So you didn’t prepare a traditional VC pitch for the show?
I’ve pitched VC’s and raised capital before, so I leveraged that experience into what we felt was a compelling pitch. And we prepped for weeks, going over hundreds of questions that we thought the Sharks may ask. Just like with any investment meeting, we prepped to talk through the business model, the revenue stream, customer acquisition, marketing strategy, how do you scale, etc. What viewers see on TV may or may not include everything that was discussed.
We're really grateful for the opportunity. Our episode was one of the highest rated and most viewed of the past couple seasons and the Shark Tank team did a great job with the teasers and the build up. There’s definitely some parts of the experience I thought were awesome and some I thought were not so awesome. But ultimately I was grateful for the opportunity and for the exposure.
Are the nerves as real as they seem on TV those moments before walking up to the Sharks?
I think so, you know you’re still walking down that hall, meeting the Sharks for the first time so that part is real. Your work up until that moment is with the producers and rest of the team, so you’re truly not meeting that Sharks until that first moment.
For me, I was less nervous and more just really excited, energized and pumped up for the opportunity. It’s a once in a lifetime opportunity and less than one percent of people who begin this process actually get to pitch to the Sharks. So it's definitely something I will always remember.
How has the experience worked to get you in touch with other users and investors?
We had about 100,000 people visit our site that night, which was a huge jump and our traffic has stayed about ten times its normal level since then. Our app had a record number of downloads, we got contacted by multiple angel investors and VC firms who loved what we talked about and what we shared. I just talked to one this morning actually.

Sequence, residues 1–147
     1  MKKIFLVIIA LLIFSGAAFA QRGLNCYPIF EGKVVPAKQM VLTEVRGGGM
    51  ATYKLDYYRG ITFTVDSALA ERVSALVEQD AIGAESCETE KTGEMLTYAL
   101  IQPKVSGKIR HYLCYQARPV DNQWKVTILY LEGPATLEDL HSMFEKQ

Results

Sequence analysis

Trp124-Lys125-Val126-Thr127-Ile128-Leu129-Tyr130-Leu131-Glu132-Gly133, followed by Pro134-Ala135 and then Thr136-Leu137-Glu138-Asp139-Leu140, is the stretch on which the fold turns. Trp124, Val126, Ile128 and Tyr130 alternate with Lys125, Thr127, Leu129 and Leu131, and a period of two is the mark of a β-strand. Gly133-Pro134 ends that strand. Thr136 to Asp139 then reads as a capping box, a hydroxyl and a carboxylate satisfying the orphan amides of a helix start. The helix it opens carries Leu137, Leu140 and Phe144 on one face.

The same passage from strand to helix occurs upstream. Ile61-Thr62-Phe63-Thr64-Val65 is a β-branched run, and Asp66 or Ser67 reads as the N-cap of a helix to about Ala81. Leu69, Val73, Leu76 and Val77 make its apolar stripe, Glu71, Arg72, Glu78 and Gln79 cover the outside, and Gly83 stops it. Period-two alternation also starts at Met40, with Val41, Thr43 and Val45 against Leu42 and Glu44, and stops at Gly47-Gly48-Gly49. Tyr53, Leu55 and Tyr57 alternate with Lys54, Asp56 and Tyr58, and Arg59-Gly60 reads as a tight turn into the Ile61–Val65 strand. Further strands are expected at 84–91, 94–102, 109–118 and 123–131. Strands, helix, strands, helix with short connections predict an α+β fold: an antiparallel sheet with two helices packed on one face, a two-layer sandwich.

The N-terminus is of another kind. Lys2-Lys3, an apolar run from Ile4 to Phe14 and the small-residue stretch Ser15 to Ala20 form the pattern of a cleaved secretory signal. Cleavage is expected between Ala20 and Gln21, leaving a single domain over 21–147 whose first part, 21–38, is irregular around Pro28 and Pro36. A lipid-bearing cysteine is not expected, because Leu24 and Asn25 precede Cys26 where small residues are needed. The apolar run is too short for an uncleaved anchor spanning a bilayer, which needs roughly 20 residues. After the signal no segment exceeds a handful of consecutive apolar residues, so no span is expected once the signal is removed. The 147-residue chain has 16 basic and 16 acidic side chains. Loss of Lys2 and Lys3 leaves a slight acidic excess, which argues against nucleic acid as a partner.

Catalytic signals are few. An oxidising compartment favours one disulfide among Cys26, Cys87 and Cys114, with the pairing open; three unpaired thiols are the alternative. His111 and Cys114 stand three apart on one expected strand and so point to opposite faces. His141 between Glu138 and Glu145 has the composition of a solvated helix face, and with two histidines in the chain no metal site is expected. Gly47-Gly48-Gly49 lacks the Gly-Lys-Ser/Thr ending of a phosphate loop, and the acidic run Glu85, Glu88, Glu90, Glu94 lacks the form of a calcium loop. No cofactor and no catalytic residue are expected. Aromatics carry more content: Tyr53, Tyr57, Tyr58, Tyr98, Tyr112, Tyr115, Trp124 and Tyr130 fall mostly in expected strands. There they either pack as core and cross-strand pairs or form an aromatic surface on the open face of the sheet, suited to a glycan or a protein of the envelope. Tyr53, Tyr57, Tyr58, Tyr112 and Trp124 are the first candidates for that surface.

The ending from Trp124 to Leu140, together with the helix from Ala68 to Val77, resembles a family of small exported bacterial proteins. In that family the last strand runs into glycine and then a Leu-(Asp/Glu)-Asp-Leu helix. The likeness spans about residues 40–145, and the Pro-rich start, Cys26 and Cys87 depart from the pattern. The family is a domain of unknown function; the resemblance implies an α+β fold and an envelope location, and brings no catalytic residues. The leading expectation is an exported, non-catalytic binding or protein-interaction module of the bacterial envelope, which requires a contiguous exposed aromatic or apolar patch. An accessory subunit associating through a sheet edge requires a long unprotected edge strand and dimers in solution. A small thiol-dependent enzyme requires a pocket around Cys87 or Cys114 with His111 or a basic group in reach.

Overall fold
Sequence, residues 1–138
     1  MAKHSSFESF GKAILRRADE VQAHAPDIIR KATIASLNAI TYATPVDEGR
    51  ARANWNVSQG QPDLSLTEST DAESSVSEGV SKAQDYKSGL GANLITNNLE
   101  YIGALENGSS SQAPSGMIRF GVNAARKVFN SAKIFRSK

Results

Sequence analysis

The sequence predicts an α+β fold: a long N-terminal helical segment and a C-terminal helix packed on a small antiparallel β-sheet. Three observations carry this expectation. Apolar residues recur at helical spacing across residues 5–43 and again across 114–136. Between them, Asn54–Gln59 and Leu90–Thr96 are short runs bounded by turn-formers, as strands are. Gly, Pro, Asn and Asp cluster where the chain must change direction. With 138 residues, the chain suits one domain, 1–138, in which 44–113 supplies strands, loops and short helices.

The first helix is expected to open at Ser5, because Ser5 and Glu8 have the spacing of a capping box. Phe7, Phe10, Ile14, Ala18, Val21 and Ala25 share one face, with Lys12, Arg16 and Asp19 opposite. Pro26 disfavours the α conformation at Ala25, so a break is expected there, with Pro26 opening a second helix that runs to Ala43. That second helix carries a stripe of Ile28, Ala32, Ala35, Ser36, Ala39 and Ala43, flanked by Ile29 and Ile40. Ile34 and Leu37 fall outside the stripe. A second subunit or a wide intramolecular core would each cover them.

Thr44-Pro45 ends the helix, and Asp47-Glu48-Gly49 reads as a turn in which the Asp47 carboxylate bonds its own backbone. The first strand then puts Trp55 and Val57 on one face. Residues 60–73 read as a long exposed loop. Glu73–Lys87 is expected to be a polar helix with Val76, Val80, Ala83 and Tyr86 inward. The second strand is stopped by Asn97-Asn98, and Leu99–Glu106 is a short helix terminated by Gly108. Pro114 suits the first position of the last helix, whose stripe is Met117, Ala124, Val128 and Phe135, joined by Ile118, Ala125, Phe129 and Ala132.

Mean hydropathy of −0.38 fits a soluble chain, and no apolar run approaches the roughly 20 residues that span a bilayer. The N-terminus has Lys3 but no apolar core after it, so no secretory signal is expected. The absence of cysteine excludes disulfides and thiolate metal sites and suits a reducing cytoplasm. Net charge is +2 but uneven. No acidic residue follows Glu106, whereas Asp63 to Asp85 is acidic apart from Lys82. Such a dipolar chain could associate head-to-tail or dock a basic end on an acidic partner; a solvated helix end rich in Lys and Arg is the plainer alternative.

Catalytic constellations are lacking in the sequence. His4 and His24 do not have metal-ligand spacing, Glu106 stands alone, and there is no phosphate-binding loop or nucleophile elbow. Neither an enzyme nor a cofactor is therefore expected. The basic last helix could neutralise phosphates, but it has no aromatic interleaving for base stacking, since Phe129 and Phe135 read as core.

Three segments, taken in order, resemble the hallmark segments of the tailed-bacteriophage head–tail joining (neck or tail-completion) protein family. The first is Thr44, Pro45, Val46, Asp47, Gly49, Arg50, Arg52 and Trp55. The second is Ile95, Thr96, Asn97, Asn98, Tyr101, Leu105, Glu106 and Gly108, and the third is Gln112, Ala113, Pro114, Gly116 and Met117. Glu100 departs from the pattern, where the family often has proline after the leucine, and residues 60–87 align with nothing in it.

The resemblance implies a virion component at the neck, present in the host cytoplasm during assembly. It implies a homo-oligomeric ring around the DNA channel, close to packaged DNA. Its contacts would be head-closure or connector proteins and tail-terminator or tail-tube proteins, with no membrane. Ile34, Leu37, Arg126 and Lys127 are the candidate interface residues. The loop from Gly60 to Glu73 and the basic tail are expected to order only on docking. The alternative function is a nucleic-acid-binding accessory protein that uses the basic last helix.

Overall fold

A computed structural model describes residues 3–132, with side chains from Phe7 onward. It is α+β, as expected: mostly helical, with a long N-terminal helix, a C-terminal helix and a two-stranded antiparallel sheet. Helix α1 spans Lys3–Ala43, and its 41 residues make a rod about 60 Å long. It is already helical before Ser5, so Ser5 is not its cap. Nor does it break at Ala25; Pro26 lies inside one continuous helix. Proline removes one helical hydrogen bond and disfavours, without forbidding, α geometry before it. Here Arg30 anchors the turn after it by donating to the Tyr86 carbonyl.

What’s interesting is how the timing played out because we were actually in the middle of a product pivot right around the time I auditioned at TechDay. Because of how quickly everything happened, we weren’t able to share our newest product. The show enabled us to get even more people connected to our company and our community, which will be a big help as we move forward with our new product.
How do you plan on keeping the momentum going and building off the hype you garnered from this experience?
I think right now we’re capturing as many people and as many contacts as we can by the people coming to our site, and really pumping out our content strategy. We put out inspirational videos once a week that really serve as our content marketing engine for our brand. The one we put out right before Shark Tank is now at seven million views already. We put one out a couple of days ago that we think is probably going to crack a million views at the rate it’s at. We’re really trying to leverage the added eyeballs to get people inspired by what Besomebody stands for and get them excited about the products and technology we’re building.
The big thing that we’re focused on now is what we’re calling our Learning Paths. The Besomebody Learning paths take what we learned from our existing product, but flips the model on how people learn and pursue careers. Everything we have learned over the last couple of years about in person learning experiences has enabled us to build really quickly with this new product which is really awesome. It’s a vocational training marketplace that gives people the skills they need to get jobs. It’s expert-led, and 100% experiential learning. We launch it in early 2017, and it’s going to be a great culmination to a wild 12 months!